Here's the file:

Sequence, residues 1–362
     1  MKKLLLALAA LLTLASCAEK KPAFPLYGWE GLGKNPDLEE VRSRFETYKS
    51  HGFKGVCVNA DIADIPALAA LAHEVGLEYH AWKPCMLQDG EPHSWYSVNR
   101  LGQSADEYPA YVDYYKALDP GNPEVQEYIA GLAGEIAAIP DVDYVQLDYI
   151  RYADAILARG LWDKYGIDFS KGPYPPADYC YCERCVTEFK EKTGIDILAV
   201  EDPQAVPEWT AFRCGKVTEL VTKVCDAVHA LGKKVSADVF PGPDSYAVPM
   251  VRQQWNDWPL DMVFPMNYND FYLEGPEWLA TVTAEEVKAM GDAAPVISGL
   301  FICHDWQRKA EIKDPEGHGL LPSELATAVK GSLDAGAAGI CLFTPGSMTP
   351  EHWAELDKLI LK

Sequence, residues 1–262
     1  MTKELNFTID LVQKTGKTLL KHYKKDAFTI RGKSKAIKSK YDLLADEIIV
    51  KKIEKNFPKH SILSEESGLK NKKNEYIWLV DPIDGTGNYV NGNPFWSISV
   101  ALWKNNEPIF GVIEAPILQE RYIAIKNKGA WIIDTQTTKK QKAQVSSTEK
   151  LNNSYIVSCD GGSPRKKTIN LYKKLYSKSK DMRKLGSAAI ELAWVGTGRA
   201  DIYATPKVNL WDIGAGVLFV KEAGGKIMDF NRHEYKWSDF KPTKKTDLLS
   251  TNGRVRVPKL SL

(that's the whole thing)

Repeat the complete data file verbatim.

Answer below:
Sequence, residues 1–362
     1  MKKLLLALAA LLTLASCAEK KPAFPLYGWE GLGKNPDLEE VRSRFETYKS
    51  HGFKGVCVNA DIADIPALAA LAHEVGLEYH AWKPCMLQDG EPHSWYSVNR
   101  LGQSADEYPA YVDYYKALDP GNPEVQEYIA GLAGEIAAIP DVDYVQLDYI
   151  RYADAILARG LWDKYGIDFS KGPYPPADYC YCERCVTEFK EKTGIDILAV
   201  EDPQAVPEWT AFRCGKVTEL VTKVCDAVHA LGKKVSADVF PGPDSYAVPM
   251  VRQQWNDWPL DMVFPMNYND FYLEGPEWLA TVTAEEVKAM GDAAPVISGL
   301  FICHDWQRKA EIKDPEGHGL LPSELATAVK GSLDAGAAGI CLFTPGSMTP
   351  EHWAELDKLI LK

Sequence, residues 1–262
     1  MTKELNFTID LVQKTGKTLL KHYKKDAFTI RGKSKAIKSK YDLLADEIIV
    51  KKIEKNFPKH SILSEESGLK NKKNEYIWLV DPIDGTGNYV NGNPFWSISV
   101  ALWKNNEPIF GVIEAPILQE RYIAIKNKGA WIIDTQTTKK QKAQVSSTEK
   151  LNNSYIVSCD GGSPRKKTIN LYKKLYSKSK DMRKLGSAAI ELAWVGTGRA
   201  DIYATPKVNL WDIGAGVLFV KEAGGKIMDF NRHEYKWSDF KPTKKTDLLS
   251  TNGRVRVPKL SL